How to avoid a stitch
You’re powering your way through a run or workout when suddenly you are gripped with a stabbing pain that threatens to bring all your efforts to a grinding halt. Sound familiar? A stitch is a pain in the side for many of us with 27 per cent of exercisers claiming to experience them at some time. If you are one of them our guide to stich-avoidance is a must:
What causes a stitch?
The honest answer is we don’t really know,” says Dr Juliet McGrattan, a runner and GP who is author of Sorted: The Active Women’s Guide To Health (Bloomsbury, £16.99). “Stitches are harmless, but can be very painful and no end of theories have arisen about causes and cures for them.” Among the suggested causes are that a stitch arises due to a lack of blood supply to the diaphragm, shallow breathing, gastrointestinal distress or strain on the ligaments around the stomach and liver. But the most popular theory is that a stitch is triggered by irritation of the parietal peritoneum, the membrane corset that wraps around your abdominal area. During exercise, your trunk muscles become tired and your back muscles over-engage to compensate, pressing on nerves felt in your abdomen, side or shoulders.
What to eat and drink:
Consuming large amounts of food or liquid within the two hours before exercise has been linked to some stitch pain. “Making sure you’ve left enough time for food to be digested is essential, but often overlooked,” McGrattan says. While dehydration is thought to trigger a stitch in some people, consuming the wrong sort of fluids can also cause it. Avoid fruit juice, too. A 2012 study at Manchester Royal Infirmary found that drinking fluids before exercise was associated with side stitches and that fruit juice seemed to cause them most often, while water and sports drinks had less of a negative impact. McGrattan says some people get a stitch when consuming gels and sports drinks, so find one that suits is crucial.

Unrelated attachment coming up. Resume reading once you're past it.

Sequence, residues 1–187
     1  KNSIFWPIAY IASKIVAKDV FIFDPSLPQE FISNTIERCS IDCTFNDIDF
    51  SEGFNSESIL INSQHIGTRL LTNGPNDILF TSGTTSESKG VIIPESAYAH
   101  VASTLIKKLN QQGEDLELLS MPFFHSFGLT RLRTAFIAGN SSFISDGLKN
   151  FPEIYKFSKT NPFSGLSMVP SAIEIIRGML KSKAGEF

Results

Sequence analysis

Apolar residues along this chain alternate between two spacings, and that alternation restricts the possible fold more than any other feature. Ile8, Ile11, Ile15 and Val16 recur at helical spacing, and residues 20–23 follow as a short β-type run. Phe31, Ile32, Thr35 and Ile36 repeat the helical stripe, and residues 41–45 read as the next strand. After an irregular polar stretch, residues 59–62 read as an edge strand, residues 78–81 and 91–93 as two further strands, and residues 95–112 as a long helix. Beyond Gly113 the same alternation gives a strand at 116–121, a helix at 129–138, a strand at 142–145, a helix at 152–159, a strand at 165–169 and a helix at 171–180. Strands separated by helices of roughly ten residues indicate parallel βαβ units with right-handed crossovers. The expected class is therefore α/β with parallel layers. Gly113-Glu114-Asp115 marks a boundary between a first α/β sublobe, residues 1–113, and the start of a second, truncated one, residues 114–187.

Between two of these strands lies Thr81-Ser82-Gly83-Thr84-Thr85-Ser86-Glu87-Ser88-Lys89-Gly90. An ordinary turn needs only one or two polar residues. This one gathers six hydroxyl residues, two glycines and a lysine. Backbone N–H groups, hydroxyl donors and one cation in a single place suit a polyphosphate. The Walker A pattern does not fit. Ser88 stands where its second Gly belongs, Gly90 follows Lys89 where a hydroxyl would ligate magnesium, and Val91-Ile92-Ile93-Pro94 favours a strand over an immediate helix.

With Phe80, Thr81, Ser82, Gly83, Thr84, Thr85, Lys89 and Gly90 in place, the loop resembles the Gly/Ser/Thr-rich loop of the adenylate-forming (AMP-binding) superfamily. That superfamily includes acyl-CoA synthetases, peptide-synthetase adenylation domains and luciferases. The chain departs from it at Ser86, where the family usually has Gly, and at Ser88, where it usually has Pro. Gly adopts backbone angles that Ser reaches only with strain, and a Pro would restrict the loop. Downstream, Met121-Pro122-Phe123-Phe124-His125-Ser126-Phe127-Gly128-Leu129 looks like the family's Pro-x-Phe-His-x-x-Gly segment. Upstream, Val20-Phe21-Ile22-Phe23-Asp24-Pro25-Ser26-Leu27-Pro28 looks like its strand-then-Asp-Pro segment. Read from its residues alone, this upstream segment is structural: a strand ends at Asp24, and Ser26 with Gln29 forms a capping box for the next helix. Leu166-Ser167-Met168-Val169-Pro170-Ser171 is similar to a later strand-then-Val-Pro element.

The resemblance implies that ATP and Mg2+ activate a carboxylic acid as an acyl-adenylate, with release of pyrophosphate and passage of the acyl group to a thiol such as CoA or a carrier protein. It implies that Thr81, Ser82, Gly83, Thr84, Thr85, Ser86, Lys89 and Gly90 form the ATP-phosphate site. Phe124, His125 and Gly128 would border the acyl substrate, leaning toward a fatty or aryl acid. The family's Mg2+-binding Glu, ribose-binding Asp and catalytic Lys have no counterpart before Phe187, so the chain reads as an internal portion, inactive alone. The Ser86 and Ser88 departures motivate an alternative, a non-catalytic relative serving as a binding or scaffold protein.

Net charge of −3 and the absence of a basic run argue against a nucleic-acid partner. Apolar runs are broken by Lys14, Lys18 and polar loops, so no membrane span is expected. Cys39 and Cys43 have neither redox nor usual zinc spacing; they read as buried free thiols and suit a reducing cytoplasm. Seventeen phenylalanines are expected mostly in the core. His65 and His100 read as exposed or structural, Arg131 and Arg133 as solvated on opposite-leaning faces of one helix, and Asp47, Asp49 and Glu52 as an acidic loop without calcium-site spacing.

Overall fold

In a pickle:
Cramps and a stitch affect 39 per cent of marathon and long distance runners, a growing number of whom opt for a less than palatable sounding solution: pickle juice, the liquid found in jars of pickled onions and gherkins. It sounds less than appetising, but studies at Brigham Young University in Utah have shown that a few swigs of pickle juice relieves cramp and a stitch 45 per cent faster than water.
Stretch as you run:
Grabbing your side in a grimace as a stitch strokes is no bad thing as it simulates a stretch that could relieve the problem. “Some people stop to touch their toes or run with their hands on their heads and find it helps,” McGrattan says. Stretching the affected side or bending forward can also help relieve the muscles in the back that are pushing on the nerve that’s causing the pain, she adds.
Slowing down your breathing or adopting a deep and rhythmic breathing pattern has been found to relieve the pain of a stitch. “Many runners say that if their stitch is on the right side, if they slow their pace and exhale as their left foot hits the ground, the stitch eases,” says McGrattan.
Dr Juliet McGrattan
— “Making sure you’ve left enough time for food to be digested is essential, but often overlooked”